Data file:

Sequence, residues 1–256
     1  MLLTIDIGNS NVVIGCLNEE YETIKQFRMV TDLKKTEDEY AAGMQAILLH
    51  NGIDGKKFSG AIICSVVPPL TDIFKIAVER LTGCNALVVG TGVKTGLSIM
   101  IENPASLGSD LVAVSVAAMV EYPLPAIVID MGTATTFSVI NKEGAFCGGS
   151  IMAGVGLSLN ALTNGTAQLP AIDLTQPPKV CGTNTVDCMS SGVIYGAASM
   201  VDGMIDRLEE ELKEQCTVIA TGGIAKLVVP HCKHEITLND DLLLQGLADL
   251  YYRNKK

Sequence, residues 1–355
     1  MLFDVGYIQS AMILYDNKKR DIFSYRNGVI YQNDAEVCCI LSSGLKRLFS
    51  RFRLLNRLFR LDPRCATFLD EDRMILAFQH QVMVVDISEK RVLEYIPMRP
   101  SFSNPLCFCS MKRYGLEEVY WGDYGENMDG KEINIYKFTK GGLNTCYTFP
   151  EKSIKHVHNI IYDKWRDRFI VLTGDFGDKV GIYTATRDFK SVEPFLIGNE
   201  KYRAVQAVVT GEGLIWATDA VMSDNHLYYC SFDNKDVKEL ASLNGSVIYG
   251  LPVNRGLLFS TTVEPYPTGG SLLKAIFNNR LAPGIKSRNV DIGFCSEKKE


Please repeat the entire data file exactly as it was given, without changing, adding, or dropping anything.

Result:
Sequence, residues 1–256
     1  MLLTIDIGNS NVVIGCLNEE YETIKQFRMV TDLKKTEDEY AAGMQAILLH
    51  NGIDGKKFSG AIICSVVPPL TDIFKIAVER LTGCNALVVG TGVKTGLSIM
   101  IENPASLGSD LVAVSVAAMV EYPLPAIVID MGTATTFSVI NKEGAFCGGS
   151  IMAGVGLSLN ALTNGTAQLP AIDLTQPPKV CGTNTVDCMS SGVIYGAASM
   201  VDGMIDRLEE ELKEQCTVIA TGGIAKLVVP HCKHEITLND DLLLQGLADL
   251  YYRNKK

Sequence, residues 1–355
     1  MLFDVGYIQS AMILYDNKKR DIFSYRNGVI YQNDAEVCCI LSSGLKRLFS
    51  RFRLLNRLFR LDPRCATFLD EDRMILAFQH QVMVVDISEK RVLEYIPMRP
   101  SFSNPLCFCS MKRYGLEEVY WGDYGENMDG KEINIYKFTK GGLNTCYTFP
   151  EKSIKHVHNI IYDKWRDRFI VLTGDFGDKV GIYTATRDFK SVEPFLIGNE
   201  KYRAVQAVVT GEGLIWATDA VMSDNHLYYC SFDNKDVKEL ASLNGSVIYG
   251  LPVNRGLLFS TTVEPYPTGG SLLKAIFNNR LAPGIKSRNV DIGFCSEKKE